This course uses the Harvard case method to work on student's change challenges.
Goal: For students to articulate change, and apply learning concepts to their “change projects”.
The entire course is designed around an iterative process of formulating and rethinking students’ own challenges, value propositions and strategic approaches to making a change.
There are 2 prerequisites for this course.
- Preparing case studies for each class depending on the learning objective
- Having students submit a “change challenge” assignment prior to the course
The challenge could be one in the students’ industry, organization, neighborhood, or a challenge they have experienced in the past or one they would want to take on in the future. During the course, students connect learning concepts such as public value theory or problem framing frameworks back to the challenges highlighted in their change projects. Students are provided with a detailed syllabus for the course, and provided with the teaching cases and questions for preparation. They are also provided with a format for their change challenge.
Before the Course:
- Students submit a “change challenge” which is not graded. This challenge write-up is guided by a set of clear questions that the instructor sends out in a detailed syllabus or email prior to the course.
- Questions include: Describe a situation you would like to change. What would you like to see changed and why? What is your role or position in this situation? Who are the main actors in this situation? What assets/resources do you have that will be valuable to making change? What limits your ability to make change? What do you perceive to be the most important challenge?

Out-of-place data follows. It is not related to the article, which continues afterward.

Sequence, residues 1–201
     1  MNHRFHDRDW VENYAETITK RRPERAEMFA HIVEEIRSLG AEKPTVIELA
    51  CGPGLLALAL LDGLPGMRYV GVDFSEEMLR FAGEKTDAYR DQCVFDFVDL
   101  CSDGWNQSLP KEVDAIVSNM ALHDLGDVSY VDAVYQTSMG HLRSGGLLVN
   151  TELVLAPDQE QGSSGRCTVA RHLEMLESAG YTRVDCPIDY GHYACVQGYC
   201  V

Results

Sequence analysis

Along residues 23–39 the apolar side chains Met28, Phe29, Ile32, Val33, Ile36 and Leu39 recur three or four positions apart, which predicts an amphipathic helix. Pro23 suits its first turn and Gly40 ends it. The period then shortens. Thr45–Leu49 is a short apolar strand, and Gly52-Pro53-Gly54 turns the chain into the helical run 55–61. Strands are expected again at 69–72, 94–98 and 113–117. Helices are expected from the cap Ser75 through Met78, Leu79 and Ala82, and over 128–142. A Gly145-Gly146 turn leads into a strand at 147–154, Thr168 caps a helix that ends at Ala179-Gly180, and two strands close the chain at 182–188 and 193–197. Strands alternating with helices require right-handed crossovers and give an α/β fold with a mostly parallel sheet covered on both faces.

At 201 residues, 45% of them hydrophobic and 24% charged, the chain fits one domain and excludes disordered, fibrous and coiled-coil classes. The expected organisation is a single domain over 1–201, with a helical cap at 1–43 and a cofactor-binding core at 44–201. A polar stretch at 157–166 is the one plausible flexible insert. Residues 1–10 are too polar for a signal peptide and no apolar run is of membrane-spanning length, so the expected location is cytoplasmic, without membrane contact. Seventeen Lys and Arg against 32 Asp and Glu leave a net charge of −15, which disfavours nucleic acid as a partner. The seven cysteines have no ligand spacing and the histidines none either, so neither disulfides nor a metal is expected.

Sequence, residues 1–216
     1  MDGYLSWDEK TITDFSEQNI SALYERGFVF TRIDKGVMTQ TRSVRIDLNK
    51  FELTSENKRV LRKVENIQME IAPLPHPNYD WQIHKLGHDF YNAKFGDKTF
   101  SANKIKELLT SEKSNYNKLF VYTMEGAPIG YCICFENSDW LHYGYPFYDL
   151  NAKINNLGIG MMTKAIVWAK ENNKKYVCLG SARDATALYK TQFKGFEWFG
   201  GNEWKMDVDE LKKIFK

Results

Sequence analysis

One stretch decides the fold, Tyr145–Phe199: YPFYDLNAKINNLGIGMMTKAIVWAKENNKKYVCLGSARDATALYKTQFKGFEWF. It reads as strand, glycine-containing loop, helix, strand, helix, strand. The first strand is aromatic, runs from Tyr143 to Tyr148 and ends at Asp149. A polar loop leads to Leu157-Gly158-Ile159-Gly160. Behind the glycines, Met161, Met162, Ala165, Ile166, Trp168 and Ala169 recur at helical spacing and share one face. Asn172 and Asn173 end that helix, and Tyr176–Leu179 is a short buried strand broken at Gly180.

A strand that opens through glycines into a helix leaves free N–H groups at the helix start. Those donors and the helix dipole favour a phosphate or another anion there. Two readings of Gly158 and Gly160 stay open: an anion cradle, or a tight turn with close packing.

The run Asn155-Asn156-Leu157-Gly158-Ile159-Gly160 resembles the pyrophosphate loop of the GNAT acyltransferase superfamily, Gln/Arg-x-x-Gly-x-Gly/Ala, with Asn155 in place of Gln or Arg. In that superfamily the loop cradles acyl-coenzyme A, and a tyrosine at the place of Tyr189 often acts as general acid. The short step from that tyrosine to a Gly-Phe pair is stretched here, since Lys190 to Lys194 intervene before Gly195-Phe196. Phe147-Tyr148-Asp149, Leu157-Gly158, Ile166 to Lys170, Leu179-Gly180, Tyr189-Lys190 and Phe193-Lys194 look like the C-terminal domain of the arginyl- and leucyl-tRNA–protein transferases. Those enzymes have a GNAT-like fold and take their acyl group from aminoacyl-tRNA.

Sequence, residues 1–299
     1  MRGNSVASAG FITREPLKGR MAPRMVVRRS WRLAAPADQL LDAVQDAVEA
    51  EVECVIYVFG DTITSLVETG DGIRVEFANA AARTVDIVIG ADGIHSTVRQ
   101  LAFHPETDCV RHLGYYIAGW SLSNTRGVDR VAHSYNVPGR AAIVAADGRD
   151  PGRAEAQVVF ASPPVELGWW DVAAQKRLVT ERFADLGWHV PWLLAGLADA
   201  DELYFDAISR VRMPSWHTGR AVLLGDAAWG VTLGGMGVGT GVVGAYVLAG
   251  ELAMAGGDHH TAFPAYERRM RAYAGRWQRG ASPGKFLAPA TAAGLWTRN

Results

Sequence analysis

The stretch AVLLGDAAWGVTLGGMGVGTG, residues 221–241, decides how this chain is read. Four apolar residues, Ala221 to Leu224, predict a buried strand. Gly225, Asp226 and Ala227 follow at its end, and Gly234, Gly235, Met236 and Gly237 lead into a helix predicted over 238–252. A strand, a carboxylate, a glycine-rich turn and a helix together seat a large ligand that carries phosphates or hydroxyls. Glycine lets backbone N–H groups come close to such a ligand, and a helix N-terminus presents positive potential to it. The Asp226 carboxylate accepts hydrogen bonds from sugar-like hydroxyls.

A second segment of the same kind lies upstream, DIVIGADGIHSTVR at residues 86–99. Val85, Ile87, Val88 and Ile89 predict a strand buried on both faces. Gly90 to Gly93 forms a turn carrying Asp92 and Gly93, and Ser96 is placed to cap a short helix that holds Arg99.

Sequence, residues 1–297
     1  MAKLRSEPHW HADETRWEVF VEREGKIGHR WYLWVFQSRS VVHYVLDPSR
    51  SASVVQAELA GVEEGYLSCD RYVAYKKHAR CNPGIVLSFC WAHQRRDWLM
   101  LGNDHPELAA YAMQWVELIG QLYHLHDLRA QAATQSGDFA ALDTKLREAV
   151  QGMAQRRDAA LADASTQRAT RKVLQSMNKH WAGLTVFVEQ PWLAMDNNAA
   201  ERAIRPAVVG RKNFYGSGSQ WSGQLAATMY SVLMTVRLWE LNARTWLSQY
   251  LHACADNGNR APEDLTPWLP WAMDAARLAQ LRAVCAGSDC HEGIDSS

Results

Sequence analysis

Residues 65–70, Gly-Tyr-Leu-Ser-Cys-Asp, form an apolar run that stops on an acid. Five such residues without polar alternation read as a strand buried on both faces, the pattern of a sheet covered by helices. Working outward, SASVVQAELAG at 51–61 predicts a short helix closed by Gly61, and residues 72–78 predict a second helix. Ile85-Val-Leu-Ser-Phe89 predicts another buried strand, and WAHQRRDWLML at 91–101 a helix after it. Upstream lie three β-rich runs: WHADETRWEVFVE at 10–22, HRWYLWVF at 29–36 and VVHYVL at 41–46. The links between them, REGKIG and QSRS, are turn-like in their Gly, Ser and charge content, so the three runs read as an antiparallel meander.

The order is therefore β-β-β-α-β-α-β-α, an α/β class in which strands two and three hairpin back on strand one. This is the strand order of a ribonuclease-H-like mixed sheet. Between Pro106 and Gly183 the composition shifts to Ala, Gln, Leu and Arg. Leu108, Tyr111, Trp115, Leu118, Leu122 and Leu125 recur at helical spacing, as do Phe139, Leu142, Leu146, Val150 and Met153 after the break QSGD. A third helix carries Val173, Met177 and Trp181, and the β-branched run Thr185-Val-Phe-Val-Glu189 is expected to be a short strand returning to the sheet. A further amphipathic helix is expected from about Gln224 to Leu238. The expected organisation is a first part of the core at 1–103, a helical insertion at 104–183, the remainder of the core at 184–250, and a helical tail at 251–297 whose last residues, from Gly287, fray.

- Before the course begins, the instructor must be conversant with all the names and student challenges, and must have scripted the class discussions throughout the entire course. Student challenges should appear in the plenary discussions throughout the course.
- Prior to the start of the course, students receive feedback on their challenge through a personal video message by the instructor.
- Start with a teaching case discussion, including the introduction of a theoretical framework
- Apply the framework to the teaching case
- Apply the framework to students’ own challenges
- Plenary session to read out and share thoughts
- Students are encouraged to use the discussion board on Canvas to share additional reading materials and submit questions and comments
In addition to students submitting their change challenge before the course begins, after week 1 they are asked to submit a 2-page paper on their value proposition (graded, written, and oral feedback provided); then a final presentation in class with 5 PowerPoint slides (graded, oral feedback provided by faculty and peers). Finally, a 5-page final paper is required to show how students have not only integrated the learning from the entire course, but also, that they could rigorously apply the conceptual frameworks and theories to their own change project. Students were also graded on class participation.
To many students, the challenges are highly personal and add meaning to their life
It is important to make time for preparation and do some background reading –some challenges can be complicated and may require additional effort from the teacher.
Submitted by Sanderijn Cels, Management